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The Curfew Library, Democratizing Culture

The Curfew Library is a non-profit initiative established to transform a civil limitation into a collective strength. In response to the nightly prohibition on public gatherings, communications consultancy BridgEgypt launched a campaign to connect youth intellectually via a crowdsourced library.

“When conflict broke out in Cairo last August and a curfew was imposed on the country, we took a step back to think about opportunities for positive social action, because we believe that crises are also opportunities,” writes BridgEgypt’s Valentina Primo of the projects’ genesis. “Today, Egyptian youngsters need more than school: a more equal society also requires the democratization of culture, and that means equal access to books.”

Participants are invited to swap one old book for another, while donating a second to help build a library collection for underprivileged Egyptian youth. And though the curfew is finally over, book donations—over 500 so far, including 100 volumes from the AUC–keep arriving at BridgEgypt’s Cairo office.


For more info – The Curfew Library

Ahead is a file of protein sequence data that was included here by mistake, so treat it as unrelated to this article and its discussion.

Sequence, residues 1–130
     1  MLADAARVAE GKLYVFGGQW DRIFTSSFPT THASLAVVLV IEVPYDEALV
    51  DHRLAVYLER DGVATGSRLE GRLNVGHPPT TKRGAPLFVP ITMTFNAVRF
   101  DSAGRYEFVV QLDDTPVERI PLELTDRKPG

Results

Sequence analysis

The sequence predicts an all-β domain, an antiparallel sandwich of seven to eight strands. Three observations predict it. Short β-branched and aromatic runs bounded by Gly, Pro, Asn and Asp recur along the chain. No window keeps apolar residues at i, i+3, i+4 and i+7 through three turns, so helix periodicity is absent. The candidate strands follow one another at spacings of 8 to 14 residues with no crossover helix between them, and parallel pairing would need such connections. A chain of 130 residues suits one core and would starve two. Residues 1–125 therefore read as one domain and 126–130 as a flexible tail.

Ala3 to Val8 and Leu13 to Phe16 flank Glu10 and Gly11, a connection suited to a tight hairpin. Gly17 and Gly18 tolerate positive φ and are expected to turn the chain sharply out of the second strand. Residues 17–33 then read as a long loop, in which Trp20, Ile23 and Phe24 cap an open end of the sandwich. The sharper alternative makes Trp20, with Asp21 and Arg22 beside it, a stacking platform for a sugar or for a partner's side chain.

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Jennifer MacKenzie

Poet, writer and teacher Jennifer MacKenzie grew up on Bloomcrest Dr. in Bloomfield Hills, MI, which inspired her to wonder about places with patterns other than floral. Following her education at Wesleyan University's College of Letters and the University of Iowa's Writers Workshop, she followed a zig-zag course that included a pilgrimage across the top of Spain and a long sojourn in Syria in pursuit of the language of Muhammad al-Maghout and Moudthaffar al-Nawwab. While in Damascus she completed the books of poems "Distant City" and "My Not-My Soldier" (forthcoming from Fence Books) and edited the magazine Syria Today. Her poems and essays can be found in numerous journals including the Kenyon Review online, Guernica, Quarterly West, and Lungfull. She currently lives in New York.

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